Max Scherzer had himself one heck of a game on Wednesday against the New York Mets, but he did not get the recognition some felt he deserved.
Scherzer threw 7.1 scoreless innings on Wednesday allowing only one hit. That's a good game by any standard. Even the Mets announcers recognized it and thought the Nationals fans didn't give him enough of an ovation late in the game.
Were they referring to how the fans reacted when he struck out his tenth batter of the night? No. Were they referring to when Dusty Baker pulled him in the eighth inning and he was walking off the field? No. They were referring to when Scherzer, the pitcher, batted in the seventh inning.
As you can see, baseball announcers are just like baseball players in that they find dumb things to complain about. Apparently you can add "cheering the pitcher when he bats late in the game" to the never ending list of unwritten rules of baseball. The Mets announcers verbally beaned the Nationals fans over something no one but them really cares about.
Scherzer is a pitcher. His main job is to pitch. In the American League, the pitchers don't bat at all. He is judged on how well he pitches, not on his at bats and the fans know that. Had Scherzer hit two home runs and given up 12 runs, it would have been a bad game.
Perhaps the Nationals fans were so into the game, they were uneasy with the fact that Scherzer was batting in the seventh with Washington leading only 2-0 at that point. Maybe they were thinking strategy and wondered why Baker didn't pinch hit for him. He was pulled the following inning after all.
Or maybe they just didn't think they would be judged by the ovation they gave to a pitcher batting in the seventh inning by overly picky visiting announcers.
When Scherzer left the game in the eighth inning, he deservedly received a standing ovation from the crowd and it was because of what he did on the mound. The fans certainly were paying attention at that point.
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NEW YORK (AP) -- Mike Shildt of the St. Louis Cardinals has edged out Craig Counsell of the Milwaukee Brewers to win NL Manager of the Year.
Shildt earned the award in his first full season on the job. Counsell received more first-place votes in balloting by the Baseball Writers' Association of America revealed Tuesday night, but Shildt got more second-place votes and appeared on more ballots.
Shildt teared up upon learning he'd won, saying he was already in an emotional place after his mother died last Wednesday.
Shildt replaced Mike Matheny as Cardinals manager during the 2018 season, and St. Louis has been among baseball's best teams since. The club won 91 games and the NL Central crown this year, ending the franchise's three-year postseason drought.
The 51-year-old Shildt became the first manager of the year who had never played pro ball at any level. Last week, the Cardinals gave him a contract extension through the 2022 season.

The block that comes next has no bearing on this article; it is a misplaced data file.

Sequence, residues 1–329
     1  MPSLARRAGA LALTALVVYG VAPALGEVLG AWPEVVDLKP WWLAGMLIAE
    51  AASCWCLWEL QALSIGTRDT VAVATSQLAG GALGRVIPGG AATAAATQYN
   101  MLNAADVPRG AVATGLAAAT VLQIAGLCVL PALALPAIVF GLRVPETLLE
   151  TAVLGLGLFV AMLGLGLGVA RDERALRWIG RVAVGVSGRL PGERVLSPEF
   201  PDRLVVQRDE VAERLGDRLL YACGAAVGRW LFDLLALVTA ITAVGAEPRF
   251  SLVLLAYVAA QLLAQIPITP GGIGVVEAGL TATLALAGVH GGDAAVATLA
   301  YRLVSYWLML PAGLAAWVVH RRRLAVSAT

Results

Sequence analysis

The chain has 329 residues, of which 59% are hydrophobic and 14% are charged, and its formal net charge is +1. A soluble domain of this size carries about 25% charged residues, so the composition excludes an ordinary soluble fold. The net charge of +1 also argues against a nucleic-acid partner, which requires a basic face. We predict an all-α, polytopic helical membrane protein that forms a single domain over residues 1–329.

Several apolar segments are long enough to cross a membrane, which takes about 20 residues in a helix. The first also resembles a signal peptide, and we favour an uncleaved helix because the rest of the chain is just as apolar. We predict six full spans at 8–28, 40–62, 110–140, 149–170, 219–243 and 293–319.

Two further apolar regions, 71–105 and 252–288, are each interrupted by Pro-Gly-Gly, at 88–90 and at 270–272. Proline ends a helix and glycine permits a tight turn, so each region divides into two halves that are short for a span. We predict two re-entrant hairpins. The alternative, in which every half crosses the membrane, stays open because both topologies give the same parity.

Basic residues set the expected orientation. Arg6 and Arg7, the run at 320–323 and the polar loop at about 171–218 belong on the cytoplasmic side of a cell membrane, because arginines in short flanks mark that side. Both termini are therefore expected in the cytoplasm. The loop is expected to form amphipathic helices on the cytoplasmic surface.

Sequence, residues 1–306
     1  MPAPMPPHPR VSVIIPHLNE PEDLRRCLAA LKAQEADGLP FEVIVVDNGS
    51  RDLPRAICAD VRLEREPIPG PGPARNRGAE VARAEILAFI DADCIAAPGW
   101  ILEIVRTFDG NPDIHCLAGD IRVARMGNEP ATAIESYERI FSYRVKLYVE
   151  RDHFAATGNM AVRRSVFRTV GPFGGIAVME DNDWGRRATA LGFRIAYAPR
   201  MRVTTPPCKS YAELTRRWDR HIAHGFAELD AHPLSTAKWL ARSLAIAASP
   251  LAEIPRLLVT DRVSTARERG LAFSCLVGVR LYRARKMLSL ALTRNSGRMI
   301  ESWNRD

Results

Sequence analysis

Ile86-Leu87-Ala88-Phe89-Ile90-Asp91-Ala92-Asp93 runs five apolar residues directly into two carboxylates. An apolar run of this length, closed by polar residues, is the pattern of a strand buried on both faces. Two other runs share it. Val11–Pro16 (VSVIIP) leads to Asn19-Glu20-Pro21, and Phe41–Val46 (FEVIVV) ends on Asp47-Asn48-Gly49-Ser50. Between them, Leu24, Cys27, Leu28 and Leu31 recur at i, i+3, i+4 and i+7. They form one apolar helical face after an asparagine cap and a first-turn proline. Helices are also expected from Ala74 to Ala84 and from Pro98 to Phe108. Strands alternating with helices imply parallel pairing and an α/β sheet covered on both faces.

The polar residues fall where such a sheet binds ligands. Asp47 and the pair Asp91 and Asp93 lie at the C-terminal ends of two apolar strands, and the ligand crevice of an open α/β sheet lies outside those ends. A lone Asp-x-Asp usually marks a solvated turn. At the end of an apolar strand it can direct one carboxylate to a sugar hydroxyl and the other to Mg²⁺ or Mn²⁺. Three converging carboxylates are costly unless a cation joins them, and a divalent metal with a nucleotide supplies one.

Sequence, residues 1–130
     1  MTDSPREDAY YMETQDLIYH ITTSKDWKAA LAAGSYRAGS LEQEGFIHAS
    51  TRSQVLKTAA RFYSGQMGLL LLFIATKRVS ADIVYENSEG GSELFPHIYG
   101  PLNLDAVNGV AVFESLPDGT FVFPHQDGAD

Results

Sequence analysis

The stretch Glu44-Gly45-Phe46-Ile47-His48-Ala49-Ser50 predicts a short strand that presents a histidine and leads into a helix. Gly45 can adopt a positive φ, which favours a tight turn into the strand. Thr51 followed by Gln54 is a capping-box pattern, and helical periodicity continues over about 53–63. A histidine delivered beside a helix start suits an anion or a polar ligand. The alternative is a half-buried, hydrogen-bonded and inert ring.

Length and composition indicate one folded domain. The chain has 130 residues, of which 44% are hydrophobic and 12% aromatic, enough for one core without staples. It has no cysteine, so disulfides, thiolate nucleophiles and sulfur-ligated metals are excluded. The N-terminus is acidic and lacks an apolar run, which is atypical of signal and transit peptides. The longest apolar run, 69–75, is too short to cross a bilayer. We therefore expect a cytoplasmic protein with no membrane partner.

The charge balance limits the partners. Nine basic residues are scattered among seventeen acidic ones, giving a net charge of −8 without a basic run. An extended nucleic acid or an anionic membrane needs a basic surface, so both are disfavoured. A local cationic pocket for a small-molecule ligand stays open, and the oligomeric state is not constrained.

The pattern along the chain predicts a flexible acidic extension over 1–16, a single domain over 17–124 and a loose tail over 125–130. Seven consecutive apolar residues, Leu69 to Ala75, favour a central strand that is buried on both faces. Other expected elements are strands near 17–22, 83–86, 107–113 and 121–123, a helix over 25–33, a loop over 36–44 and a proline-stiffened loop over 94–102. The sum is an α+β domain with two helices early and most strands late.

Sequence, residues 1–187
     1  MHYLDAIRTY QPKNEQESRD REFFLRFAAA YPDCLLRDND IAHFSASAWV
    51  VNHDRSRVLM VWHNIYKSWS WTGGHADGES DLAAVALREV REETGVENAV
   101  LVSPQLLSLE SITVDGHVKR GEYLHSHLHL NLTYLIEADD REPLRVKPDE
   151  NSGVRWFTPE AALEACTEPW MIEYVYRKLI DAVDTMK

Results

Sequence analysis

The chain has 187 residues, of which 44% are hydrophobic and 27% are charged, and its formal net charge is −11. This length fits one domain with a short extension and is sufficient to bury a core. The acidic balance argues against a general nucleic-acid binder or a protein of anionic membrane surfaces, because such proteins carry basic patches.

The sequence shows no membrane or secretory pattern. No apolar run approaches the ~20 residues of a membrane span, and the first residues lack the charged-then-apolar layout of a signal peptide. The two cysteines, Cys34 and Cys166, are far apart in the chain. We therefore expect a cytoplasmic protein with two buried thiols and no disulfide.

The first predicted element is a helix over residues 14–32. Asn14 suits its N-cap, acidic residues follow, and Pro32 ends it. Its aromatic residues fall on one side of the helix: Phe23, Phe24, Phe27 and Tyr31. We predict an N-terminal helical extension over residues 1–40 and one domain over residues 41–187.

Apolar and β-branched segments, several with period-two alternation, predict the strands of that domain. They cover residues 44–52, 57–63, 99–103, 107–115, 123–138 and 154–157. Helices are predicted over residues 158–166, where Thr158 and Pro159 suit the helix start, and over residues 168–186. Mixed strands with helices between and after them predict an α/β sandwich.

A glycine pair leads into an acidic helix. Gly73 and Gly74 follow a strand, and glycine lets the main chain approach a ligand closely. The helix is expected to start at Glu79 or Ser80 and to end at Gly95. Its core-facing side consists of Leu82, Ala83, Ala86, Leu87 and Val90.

Atlanta's Brian Snitker was third after winning the award last year. The Dodgers' Dave Roberts finished fourth, and Nationals manager Dave Martinez was fifth. Washington won the World Series, but voting concluded before the postseason began.
Minnesota Twins manager Rocco Baldelli won the AL prize in a tight ballot over Aaron Boone of the New York Yankees. Both received 13 first-place votes, but Baldelli got more second-place nods. The 38-year-old is the youngest to win the award and the eighth to take it in his first full season on the job.
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On the heels of a historic run to their first World Series championship, the Washington Nationals will remain at the center of the baseball universe with Stephen Strasburg and Anthony Rendon hitting free agency.
Rendon figures to be the top position player available, and if he doesn't return to DC, it appears the Nationals already have their eyes on a potential replacement.
According to MLB.com's Mark Feinsand, the Nats are one of four teams showing the most interest in former AL MVP Josh Donaldson along with the Phillies, Braves and Rangers.
Rendon, Donaldson, Mike Moustakas and Todd Frazier highlight a deep free-agent class at the hot corner, and Feinsand adds that teams who miss out on Rendon or don't want to wait for him to make his decision can turn to Donaldson.
Donaldson is coming off a one-season stint with the Braves where he posted a .259/.379/.521 slash line to go with 37 home runs and 94 RBI. Entering his age-34 season, Donaldson isn't quite playing at the MVP-level he did with the Blue Jays, but it's clear he can still produce.
If the Nationals aren't comfortable with committing long-term money but still want some production and a veteran presence at third base, Donaldson could be the perfect fit.
The Braves signed Donaldson to a one-year, $23 million contract last November, so there's a decent chance he'll make a decision sooner rather than later.
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